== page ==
From The Hound of the Baskervilles by Arthur Conan Doyle & To the Lighthouse by Virginia Woolfe

"But here I sit before a yellow legal pad, and the long line of the preceding two paragraphs is a jumble of crossed-out lines, false starts, and confused order. A mess. The mess of my mind trying to figure out what it wants to say. This is a writer's frantic, grabby mind, not the poised mind of a reader waiting to be edified or entertained.

From Persuasion by Jane Austen & Frankenstein by Mary Shelley

"I think of the reader as a cat, endlessly fastidious, capable by turns of mordant indifference and riveted attention, luxurious, recumbent, ever poised. Whereas the writer is absolutely a dog, panting and moping, too eager for an affectionate scratch behind the ears, longing frantically after any old stick thrown in the distance.

Early versions of her stories, in letter form, by Beatrix Potter

"The blankness of a new page never fails to intrigue and terrify me. Sometimes, in fact, I think my habit of writing on long yellow sheets comes from an atavistic fear of the writer's stereotypic 'blank white page.' At least when I begin writing, my page has a wash of color on it, even if the absence of words must finally be faced on a yellow sheet as much as on a blank white one. We all have our ways of whistling in the dark."

From House of Mirth by Edith Wharton & Madame Bovary by Gustave Flaubert

From The Little Prince by Antoine de Saint-Exupery

From Titus Groan by Mervyn Peake & The Two Towers by JRR Tolkien

Pictures: The manuscript pages here are identified in the picture captions. (Run your cursor over the images to see them.) For modern manuscripts & writers' notebooks, go here for a wonderful post on the subject by Jackie Morris.

Words: The passage above comes from an essay published in I Could Tell You Stories: Sojourns in the Land of Memory by Patricia Hampl (WW Norton & Co., 1999); all rights reserved by the author.


Tunes for a Monday Morning

Nahko Bear

A new album from one of my favorite musicians, Nahko Bear (with his band, Medicine for the People), is always a cause of celebration. If you've not encountered his music before: Nahko Bear is a singer/songwriter born of mixed Apache/Mohawk, Puerto Rican & Filipino heritage. He was raised in Oregon, now lives in Hawaii, and is active in the Earth Guardians movement of young musicians, artists and activists. (To learn more about him, see this post from 2015.)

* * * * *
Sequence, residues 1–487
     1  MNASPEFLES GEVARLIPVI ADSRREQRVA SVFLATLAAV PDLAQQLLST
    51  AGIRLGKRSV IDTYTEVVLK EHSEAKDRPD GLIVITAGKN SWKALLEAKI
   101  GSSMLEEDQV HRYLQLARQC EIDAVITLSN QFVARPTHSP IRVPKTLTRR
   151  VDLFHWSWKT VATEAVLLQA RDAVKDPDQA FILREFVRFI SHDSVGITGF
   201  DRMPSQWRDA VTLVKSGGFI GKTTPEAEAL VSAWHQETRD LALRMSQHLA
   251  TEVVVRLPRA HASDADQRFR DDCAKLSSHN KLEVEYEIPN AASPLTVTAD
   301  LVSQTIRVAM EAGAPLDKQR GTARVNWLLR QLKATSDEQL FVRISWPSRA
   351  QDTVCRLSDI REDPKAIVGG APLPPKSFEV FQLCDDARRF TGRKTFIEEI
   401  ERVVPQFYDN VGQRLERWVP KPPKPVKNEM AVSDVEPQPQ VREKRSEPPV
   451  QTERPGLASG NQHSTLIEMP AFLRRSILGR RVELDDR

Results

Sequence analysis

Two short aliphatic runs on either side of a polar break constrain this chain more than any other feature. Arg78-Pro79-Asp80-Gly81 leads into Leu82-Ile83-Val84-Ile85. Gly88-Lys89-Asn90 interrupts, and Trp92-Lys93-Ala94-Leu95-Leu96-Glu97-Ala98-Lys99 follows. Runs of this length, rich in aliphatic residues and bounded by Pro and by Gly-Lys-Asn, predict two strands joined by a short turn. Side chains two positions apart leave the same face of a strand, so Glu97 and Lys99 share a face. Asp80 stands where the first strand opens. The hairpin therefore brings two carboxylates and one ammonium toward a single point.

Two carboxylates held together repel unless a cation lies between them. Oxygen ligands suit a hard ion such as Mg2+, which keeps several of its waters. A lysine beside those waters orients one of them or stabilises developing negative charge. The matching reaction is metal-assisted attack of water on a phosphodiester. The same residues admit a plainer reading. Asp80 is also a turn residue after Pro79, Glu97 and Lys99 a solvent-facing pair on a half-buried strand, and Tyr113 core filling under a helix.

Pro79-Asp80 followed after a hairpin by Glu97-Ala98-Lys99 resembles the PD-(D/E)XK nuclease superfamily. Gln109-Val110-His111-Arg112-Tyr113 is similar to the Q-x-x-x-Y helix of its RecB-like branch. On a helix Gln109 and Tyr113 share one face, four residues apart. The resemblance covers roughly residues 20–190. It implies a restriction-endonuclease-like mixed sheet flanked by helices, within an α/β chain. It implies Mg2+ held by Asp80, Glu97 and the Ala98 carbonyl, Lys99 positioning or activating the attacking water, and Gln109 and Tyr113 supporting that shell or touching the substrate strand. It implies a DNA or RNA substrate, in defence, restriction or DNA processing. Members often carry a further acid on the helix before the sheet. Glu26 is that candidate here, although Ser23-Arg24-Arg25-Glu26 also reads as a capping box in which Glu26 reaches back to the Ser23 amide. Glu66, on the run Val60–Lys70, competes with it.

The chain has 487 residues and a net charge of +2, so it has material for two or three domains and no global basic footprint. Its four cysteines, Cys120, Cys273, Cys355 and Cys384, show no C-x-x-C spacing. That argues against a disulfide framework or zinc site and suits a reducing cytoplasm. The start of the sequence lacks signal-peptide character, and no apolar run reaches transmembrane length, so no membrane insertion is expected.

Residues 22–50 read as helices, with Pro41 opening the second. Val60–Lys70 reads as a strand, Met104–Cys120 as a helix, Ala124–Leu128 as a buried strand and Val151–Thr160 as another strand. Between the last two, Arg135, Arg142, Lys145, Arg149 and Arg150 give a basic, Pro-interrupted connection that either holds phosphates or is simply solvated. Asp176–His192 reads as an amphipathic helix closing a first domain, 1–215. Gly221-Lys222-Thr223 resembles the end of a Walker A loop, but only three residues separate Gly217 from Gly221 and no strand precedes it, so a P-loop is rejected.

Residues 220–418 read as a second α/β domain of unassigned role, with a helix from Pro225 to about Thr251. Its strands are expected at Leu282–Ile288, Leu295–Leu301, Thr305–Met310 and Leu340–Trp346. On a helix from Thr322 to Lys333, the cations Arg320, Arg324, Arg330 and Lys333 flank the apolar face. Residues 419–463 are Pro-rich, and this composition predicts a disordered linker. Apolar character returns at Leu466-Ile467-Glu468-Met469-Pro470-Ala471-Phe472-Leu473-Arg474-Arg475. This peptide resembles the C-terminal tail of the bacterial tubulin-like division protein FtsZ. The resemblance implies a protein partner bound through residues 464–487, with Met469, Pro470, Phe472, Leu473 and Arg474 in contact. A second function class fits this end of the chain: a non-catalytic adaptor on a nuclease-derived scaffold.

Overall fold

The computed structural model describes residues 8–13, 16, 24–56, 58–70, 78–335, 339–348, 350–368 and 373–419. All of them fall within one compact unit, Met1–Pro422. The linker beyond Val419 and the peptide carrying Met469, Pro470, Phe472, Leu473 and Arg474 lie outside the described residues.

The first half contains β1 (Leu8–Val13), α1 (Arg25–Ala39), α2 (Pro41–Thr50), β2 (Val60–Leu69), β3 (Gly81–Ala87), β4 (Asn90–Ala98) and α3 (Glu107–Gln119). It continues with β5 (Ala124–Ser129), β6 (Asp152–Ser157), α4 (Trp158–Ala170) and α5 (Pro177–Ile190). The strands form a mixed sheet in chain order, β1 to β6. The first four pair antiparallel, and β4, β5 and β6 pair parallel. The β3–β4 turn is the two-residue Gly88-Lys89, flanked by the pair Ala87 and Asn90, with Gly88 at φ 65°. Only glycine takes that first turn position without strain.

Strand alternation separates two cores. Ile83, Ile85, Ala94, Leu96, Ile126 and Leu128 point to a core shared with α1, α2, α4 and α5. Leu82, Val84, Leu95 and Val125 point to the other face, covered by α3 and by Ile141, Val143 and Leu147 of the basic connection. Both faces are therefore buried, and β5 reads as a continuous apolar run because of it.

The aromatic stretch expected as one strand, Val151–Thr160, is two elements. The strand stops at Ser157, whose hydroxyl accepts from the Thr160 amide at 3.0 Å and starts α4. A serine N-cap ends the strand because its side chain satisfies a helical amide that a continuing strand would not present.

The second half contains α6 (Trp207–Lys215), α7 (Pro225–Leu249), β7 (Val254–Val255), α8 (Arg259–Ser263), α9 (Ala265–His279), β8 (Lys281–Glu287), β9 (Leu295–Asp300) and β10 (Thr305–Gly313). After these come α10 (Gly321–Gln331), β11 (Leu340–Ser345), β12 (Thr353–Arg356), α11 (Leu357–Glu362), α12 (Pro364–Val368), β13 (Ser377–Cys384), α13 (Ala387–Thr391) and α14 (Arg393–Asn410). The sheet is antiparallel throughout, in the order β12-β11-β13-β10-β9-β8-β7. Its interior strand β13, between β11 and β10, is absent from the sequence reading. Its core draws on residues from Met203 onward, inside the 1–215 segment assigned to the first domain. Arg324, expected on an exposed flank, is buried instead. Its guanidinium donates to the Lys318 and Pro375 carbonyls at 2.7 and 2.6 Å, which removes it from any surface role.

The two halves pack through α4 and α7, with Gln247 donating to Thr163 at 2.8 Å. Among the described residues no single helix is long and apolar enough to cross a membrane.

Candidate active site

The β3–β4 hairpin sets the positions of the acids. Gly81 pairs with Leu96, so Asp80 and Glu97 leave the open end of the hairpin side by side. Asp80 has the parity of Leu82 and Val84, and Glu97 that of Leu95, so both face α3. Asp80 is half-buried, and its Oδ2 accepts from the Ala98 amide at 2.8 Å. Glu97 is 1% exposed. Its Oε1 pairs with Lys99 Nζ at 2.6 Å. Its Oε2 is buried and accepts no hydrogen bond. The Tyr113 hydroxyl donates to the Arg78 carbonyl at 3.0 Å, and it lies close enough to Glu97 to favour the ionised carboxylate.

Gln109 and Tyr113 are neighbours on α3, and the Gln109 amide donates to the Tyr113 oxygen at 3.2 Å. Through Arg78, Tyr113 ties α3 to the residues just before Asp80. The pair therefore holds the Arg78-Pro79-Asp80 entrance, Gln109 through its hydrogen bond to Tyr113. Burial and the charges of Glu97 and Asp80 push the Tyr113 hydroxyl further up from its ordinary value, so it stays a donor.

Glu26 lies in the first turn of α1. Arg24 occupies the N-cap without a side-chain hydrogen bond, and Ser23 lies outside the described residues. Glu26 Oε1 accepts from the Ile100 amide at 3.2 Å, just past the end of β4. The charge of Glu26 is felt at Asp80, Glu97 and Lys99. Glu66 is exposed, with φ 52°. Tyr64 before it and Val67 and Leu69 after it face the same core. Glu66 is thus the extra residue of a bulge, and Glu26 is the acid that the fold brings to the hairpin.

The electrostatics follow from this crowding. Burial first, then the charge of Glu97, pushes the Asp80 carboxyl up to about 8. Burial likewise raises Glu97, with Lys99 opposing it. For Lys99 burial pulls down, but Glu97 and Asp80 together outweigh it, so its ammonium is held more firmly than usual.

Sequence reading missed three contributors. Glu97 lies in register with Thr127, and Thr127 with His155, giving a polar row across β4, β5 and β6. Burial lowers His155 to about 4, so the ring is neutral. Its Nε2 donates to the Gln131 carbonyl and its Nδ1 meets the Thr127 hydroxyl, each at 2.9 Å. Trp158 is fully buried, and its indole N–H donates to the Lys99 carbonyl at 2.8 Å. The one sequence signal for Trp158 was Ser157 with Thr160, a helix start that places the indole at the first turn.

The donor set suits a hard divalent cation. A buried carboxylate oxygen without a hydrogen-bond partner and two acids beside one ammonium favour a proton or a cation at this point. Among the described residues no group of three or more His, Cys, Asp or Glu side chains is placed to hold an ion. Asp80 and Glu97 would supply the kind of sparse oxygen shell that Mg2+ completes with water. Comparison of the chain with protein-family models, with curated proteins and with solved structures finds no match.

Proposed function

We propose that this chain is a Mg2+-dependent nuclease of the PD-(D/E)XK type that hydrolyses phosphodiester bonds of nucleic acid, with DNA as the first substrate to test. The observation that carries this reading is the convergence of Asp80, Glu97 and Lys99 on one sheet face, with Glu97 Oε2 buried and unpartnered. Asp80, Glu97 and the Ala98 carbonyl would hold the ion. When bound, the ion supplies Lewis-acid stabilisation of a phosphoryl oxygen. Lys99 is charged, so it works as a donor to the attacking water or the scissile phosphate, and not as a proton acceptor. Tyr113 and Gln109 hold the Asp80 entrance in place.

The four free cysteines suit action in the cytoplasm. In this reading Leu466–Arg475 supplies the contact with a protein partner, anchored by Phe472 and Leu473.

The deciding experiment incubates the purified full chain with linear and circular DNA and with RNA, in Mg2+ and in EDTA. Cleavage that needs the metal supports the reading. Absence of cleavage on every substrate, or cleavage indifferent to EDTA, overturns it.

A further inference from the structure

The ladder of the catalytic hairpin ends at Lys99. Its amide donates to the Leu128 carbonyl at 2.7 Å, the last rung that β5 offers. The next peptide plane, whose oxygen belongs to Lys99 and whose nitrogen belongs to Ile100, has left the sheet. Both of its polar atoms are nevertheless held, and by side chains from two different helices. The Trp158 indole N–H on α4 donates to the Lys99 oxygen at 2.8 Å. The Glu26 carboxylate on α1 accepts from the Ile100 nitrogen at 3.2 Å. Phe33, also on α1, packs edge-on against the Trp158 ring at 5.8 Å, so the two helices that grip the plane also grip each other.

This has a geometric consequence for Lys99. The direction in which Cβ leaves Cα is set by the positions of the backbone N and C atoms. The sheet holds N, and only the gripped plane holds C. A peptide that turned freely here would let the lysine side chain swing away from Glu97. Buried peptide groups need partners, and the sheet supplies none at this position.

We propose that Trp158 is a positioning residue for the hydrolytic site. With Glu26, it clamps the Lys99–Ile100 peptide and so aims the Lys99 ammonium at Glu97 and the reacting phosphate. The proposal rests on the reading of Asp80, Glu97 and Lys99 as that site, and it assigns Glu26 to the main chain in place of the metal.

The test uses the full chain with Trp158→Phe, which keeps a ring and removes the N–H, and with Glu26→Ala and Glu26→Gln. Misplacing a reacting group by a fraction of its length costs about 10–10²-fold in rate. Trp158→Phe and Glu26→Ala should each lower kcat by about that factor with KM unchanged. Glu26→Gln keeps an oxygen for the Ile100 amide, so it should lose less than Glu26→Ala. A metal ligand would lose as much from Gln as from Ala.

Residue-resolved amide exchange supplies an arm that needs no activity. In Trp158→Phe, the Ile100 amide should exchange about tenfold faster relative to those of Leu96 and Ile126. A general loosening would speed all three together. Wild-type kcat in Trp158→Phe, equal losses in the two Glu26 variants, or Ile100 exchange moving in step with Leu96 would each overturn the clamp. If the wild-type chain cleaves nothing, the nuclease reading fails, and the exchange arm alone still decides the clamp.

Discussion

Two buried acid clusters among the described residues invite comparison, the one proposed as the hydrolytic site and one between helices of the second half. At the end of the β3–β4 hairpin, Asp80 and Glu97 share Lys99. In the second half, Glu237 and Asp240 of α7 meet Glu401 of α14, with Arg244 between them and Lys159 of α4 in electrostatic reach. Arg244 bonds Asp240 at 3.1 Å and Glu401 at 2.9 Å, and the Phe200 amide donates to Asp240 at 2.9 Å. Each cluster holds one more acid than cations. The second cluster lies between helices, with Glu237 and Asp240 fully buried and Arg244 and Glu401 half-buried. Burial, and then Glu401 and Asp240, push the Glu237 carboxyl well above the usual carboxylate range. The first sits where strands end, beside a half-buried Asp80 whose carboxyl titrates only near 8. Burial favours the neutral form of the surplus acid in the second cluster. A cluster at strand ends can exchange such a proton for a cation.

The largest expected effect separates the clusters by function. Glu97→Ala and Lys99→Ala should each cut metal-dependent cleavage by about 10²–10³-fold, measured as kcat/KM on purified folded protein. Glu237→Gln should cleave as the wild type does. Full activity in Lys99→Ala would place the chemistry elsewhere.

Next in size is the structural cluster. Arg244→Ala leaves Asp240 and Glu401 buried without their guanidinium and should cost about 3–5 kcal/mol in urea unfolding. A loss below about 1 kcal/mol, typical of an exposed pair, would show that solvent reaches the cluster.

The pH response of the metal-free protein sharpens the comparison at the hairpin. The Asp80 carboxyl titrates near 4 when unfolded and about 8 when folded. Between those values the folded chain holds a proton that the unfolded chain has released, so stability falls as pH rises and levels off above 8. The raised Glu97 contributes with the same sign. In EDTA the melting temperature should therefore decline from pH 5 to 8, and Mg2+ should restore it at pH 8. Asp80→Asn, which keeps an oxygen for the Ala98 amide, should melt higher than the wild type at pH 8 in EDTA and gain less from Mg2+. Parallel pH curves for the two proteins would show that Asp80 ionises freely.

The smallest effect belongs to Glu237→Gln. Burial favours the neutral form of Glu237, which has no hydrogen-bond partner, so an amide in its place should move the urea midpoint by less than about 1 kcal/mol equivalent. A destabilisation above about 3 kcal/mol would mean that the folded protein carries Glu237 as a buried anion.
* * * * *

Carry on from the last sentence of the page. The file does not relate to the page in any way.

Above: "Make a Change," with backup vocals by Zella Day, from the new album, Hoka. "We believe our people and planet are in serious need of change," Nahko says. "This is our cry for help. This is our call to action. Empowered youth. Real Changes." (The upside down U.S. flag "is an official signal of distress. It is not meant to be any type of disrespect when so displayed for the right reasons.")

Below: "We Are on Time," a gorgeous love song from Koka, performed solo for a Skype Live Studio session in Portland, Oregon last month.

Above: "San Quentin," a song Nahko wrote about his "personal journey to forgiveness" when he made a trip to San Quentin State Prison to meet the man who murdered his father. This is not the first time he's turned personal trauma into "medicine" and art, which is one of the reasons I love his work so much. (As I wrote in a post about another writer back in May: "Those who thoroughly understand despair have my attention when they speak of hope.")

Below: "Love Letters to God," peformed for Global Sounds Radio in Portland, Oregon in January.

And a lovely song to end with: "Tus Pies," performed in the Paste Magazine studio in New York in June. This one gets me in the gut every time I hear it....

"I think I’m a gatherer," Nahko said (in an interview back in 2013). "I’ve been trying to find my family for a long time. And I’m trying to help other people feel like they have family through this music. For all the abandoned, vagabond, vagrant, home free kids out there."


Stay Wild

Hillside 1

"The mind I love most must have wild places, a tangled orchard where dark damsons drop in the heavy grass, an overgrown little wood, the chance of a snake or two, a pool that nobody fathomed the depth of, and paths threaded with flowers planted by the mind."

- Katherine Mansfield (KM Notebooks: Complete Edition)

Hillside 2

Hillside 3

Hillside 4

"What is wild cannot be bought or sold, borrowed or copied. It is. Unmistakeable, unforgettable, unshamable, elemental as earth and ice, water, fire and air, a quitessence, pure spirit, resolving into no contituents. Don't waste your wildness: it is precious and necessary."

- Jay Griffiths (Wild: An Elemental Journey)

Hillside 5

Hillside 6

"Storytellers ought not to be too tame.  They ought to be wild creatures who function adequately in society.  They are best in disguise.  If they lose all their wildness, they cannot give us the truest joys."

- Ben Okri (A Way of Being Free: Essays)

Hillside 7

Devon thistles

Words: The poem in the picture captions is from The October Palace by Jane Hirshfield (Harper Perennial, 1994); all rights reserved by the author. Pictures: The last of the foxgloves on Nattadon Hill, and thistles in bloom.